Such is the case with Jeremy Nickel’s single wine project, The Vineyard House, a brand he’s dedicated to his father, the late, great Gil Nickel, founder of Far Niente, Dolce and Nickel & Nickel wines.

I just caught up with The Vineyard House 2008 cabernet sauvignon, not realizing that this new kid on the block has been releasing The Vineyard House cabs since the 2005 vintage.

The young Oklahoma native’s bottling is made from grapes grown on his nine-acre wine estate located on a knoll overlooking Far Niente’s Stelling Vineyard in the Oakville appellation.

“The Vineyard House’s commitment is simple: to capture the beauty that surrounds it in each bottle of wine,” Nickel notes in his mission statement. “Each stage of our winemaking process is guided by our unswerving goal to transform the brilliant quality of each grape into an unparalleled bottle of wine. We integrate the best winemaking techniques and philosophies from both the old and new world. Our mission is to carry on the long-standing tradition that defines our craft while integrating modern techniques that care for our environment.”

I don’t know much about Nickel, other than he was embroiled in a lawsuit with the principals of his father’s wine company — including his stepmother, Beth Nickel — about how the business was being run. I don’t know if that lawsuit was ever settled, and, frankly, I don’t care.

What I do know is that young Nickel’s heart is in the right place when it comes to his dad. In a general letter to those interested in purchasing The Vineyard House cabernet, Jeremy Nickel writes:

“The Vineyard House is a tribute label dedicated to the life and legacy of my late father and hero, Gil Nickel. As many of you know, Gil passed away in 2003 after a courageous five-year battle with cancer. As such, I am donating 10 percent of all proceeds to cancer research in Gil’s name.”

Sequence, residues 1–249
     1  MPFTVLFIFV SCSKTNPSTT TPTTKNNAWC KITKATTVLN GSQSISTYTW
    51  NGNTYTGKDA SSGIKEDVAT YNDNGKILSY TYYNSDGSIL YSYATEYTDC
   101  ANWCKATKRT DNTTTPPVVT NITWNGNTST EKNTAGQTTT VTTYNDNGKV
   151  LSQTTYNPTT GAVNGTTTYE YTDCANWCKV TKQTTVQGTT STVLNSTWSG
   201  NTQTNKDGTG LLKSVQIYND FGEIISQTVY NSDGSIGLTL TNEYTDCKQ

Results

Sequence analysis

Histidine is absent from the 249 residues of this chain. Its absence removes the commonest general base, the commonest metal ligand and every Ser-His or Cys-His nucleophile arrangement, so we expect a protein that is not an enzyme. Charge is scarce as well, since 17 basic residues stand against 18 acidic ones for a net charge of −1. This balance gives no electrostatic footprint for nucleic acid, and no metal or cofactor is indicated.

What I also know is that Nickel has a lot of “huevos” in tagging his new venture a “cult wine” and charging $175 for it right out of the chute. Actually, the just released 2008 is $200 a bottle.

Just because production is only 350 cases doesn’t make it a cult wine. And charging a lot of money for it doesn’t necessarily mean it’s the crème de la crème.

A couple of earlier releases got quite respectable scores from respected wine publications. But some friends and I tasted through a bottle of The Vineyard House 2008 cabernet sauvignon and we were mildly impressed.

Mostly cabernet sauvignon — blended with 6 percent merlot, 6 percent petit verdot and 3 percent malbec — the 2008 TVH is a good Bordeaux blend and is drinking well now. It’s a well-balanced red, displaying sweet, ripe, juicy fruit, lots of blackberry and cassis. It’s a good wine for steak and potatoes, one of my good friends said over a plate of steak and potatoes.

But it’s not a sensational bottle of wine, one that you think you’d be getting for two hundred bucks. It’s a decent cab, but pricey and out of reach of many wine lovers.

Perhaps it would have left a better taste in the mouth if there’d been a lot less ego in the blend.